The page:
Medical malpractice is not simply an injury sustained by a patient due to a doctor’s negligence. It can also be the result of a delayed diagnosis. This form of indirect harm can lead to significant and long lasting injury. For example, a delayed diagnosis involving a caesarean section is one of the most common forms of medical malpractice involving delayed diagnosis. A C-section is a surgical procedure where a baby is delivered through a surgical incision in the mother’s abdomen. If a doctor fails to diagnose and perform the procedure in a timely manner, the mother and the baby can suffer injuries that will last a lifetime.
Injuries sustained due to a delayed caesarean section are just one of many instances where delayed diagnosis is a form of medical malpractice. There are many others, but in order to pursue this type of medical malpractice suit three elements must be established: doctor-patient relationship, negligence, and harm caused by negligence.
Establishing the Doctor-Patient Relationship
Establishing a doctor-patient relationship is relatively simple, when a doctor sees a patient, the relationship is considered established. In delayed diagnosis cases, it is not necessary for the doctor to preside during the entire period of delay. If the doctor had the chance to make the proper diagnosis and did not, he or she is considered responsible for any injuries sustained due to the delay in receiving proper treatment.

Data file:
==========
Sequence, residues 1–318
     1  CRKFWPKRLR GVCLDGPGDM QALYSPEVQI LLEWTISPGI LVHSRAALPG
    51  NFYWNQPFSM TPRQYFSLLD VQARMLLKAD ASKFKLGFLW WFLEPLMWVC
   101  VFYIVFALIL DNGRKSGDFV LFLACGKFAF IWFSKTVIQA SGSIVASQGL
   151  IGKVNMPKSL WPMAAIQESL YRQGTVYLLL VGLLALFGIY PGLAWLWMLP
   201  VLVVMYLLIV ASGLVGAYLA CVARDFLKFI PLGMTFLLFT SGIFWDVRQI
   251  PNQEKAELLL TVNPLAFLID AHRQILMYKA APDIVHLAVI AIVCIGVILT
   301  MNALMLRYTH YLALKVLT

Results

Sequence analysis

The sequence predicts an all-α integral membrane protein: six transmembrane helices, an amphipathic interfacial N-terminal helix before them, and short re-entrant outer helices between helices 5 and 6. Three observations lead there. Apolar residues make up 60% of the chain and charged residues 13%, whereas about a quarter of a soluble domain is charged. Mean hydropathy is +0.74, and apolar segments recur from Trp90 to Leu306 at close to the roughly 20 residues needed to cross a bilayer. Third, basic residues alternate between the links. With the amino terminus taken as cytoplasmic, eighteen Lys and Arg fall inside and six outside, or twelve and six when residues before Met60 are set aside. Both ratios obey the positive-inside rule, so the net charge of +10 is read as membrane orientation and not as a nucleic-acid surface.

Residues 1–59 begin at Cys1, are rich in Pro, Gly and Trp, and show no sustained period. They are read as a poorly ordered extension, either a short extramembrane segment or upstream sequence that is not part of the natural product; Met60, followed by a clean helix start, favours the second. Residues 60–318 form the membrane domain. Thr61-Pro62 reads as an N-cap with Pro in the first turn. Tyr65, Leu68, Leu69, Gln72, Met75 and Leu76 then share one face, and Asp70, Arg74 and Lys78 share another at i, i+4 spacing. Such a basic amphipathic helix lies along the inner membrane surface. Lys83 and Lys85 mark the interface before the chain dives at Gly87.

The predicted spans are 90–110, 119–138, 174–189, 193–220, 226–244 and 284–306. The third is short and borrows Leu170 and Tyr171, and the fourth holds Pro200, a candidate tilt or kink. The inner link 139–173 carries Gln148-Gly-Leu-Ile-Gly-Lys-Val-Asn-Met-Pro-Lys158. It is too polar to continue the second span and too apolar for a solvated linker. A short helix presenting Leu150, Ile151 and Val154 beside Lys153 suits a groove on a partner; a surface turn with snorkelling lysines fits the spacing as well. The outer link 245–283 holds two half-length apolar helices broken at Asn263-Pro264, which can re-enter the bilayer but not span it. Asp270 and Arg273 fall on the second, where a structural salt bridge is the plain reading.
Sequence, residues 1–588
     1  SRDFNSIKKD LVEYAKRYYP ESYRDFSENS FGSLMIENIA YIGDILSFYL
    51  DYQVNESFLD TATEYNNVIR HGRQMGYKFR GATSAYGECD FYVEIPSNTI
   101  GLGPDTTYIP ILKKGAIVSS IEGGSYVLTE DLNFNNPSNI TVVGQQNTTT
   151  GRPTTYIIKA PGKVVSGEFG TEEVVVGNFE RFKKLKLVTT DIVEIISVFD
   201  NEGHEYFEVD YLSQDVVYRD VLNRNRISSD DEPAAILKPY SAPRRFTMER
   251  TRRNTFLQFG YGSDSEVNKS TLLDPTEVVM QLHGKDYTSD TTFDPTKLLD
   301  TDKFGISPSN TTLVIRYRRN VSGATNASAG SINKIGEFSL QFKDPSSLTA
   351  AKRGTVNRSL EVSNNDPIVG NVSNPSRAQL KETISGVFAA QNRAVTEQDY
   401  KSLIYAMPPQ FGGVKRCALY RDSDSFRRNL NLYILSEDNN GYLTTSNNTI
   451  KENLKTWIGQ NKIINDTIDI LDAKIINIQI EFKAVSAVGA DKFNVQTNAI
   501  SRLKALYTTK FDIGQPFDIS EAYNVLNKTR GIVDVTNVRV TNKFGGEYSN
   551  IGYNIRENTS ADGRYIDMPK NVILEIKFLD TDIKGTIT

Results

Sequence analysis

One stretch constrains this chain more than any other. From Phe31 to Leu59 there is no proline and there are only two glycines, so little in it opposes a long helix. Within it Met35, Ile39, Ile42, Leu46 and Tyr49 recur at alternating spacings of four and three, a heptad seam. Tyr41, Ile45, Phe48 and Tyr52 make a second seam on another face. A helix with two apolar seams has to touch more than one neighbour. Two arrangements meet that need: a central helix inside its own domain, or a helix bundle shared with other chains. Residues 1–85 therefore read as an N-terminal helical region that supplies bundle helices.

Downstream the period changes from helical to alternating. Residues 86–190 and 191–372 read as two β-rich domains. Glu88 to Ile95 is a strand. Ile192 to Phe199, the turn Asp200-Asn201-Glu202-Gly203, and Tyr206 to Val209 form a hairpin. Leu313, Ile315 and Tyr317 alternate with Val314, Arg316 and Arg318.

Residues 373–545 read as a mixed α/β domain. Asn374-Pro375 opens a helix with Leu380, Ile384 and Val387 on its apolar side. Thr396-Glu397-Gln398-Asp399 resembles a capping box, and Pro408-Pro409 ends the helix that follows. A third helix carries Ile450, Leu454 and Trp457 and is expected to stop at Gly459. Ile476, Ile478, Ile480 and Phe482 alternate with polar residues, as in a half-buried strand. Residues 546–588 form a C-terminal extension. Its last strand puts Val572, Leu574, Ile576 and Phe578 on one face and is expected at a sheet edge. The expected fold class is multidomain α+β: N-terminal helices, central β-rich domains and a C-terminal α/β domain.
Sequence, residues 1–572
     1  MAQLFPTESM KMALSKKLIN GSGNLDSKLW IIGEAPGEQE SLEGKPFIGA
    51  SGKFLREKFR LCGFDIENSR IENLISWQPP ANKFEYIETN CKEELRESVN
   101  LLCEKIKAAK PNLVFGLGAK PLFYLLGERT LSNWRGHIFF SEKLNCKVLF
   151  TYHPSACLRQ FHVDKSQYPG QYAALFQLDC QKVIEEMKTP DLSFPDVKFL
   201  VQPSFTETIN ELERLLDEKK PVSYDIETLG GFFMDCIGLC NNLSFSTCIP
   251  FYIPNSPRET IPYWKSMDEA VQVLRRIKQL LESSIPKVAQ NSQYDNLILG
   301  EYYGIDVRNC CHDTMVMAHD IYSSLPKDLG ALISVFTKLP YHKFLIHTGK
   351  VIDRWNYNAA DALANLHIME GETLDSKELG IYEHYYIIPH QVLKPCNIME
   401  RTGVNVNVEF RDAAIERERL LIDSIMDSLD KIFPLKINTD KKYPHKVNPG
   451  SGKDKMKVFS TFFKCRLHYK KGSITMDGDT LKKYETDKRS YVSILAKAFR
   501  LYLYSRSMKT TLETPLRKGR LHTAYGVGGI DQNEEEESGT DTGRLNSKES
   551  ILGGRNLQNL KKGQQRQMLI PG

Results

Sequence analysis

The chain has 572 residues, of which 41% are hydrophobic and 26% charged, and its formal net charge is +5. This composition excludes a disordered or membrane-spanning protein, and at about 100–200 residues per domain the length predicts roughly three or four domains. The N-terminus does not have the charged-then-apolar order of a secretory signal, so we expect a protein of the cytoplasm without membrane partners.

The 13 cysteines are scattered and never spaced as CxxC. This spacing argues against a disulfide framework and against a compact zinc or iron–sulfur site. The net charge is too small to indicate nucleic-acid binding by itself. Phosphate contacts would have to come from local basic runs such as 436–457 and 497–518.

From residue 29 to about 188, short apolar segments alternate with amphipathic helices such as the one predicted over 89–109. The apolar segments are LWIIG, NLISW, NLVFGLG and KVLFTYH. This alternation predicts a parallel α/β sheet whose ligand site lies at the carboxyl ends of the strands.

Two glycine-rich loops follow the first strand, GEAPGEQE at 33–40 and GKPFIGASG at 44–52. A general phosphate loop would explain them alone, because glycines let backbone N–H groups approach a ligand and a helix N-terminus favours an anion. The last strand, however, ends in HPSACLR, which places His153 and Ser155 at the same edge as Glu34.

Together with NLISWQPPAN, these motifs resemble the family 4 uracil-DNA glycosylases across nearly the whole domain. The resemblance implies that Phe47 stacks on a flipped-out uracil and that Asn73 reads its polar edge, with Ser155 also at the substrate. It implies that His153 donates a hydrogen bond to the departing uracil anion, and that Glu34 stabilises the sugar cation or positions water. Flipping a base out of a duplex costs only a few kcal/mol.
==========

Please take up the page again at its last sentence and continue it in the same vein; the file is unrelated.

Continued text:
A negligent doctor is one who fails to perform in a manner that is in a keeping with what is expected of a reasonably competent and perceptive doctor. To establish a medical malpractice claim, the injured party must prove the accepted standard of care and the fact that the standard of care was breached.
Standard of Care
Standard of care as it applies to a medical malpractice due to delayed diagnosis suit is defined as: how quickly a reasonably competent physician could be expected to make a particular diagnosis given the circumstances. Obviously, this grey area is open to interpretation. In most cases, a medical expert will be required to testify or sign an affidavit attesting to what he believes the proper timeline for diagnosis is.
Breach of Standard of Care
Once a standard of care has been established, it is quite easy to determine if it has been breached. If a reasonably competent physician would make a diagnosis in 24 hours and the attending physician took 96, a breach of standard of care has occurred.
Showing Harm Caused by Negligence
In order to pursue and win a medical malpractice suit, the plaintiff must prove that they suffered injury due to the doctor’s negligence. Injuries can include but are not limited to pain and suffering, additional medical costs, loss of earnings, loss of enjoyment.
The important aspect of any delayed diagnosis malpractice suit is to establish that the harm was a result of the delayed diagnosis. This means that the patients suffered more harm because of the delayed diagnosis. If the plaintiff would have suffered regardless of the timeliness of the diagnosis, the doctor may have acted negligently but there is no basis for a suit.
Additional Frequently Asked Questions
- What Is Loss of Consortium In A Medical Malpractice Case?
- What Does “Preponderance of the Evidence” in Relation to Medical Malpractice Mean?
- Are There Certain Medical Procedures That Are Consistently at the Root of Medical Malpractice Suits?
- Do Most Medical Malpractice Cases Go to Trial?
- How Long Do Medical Malpractice Cases Take?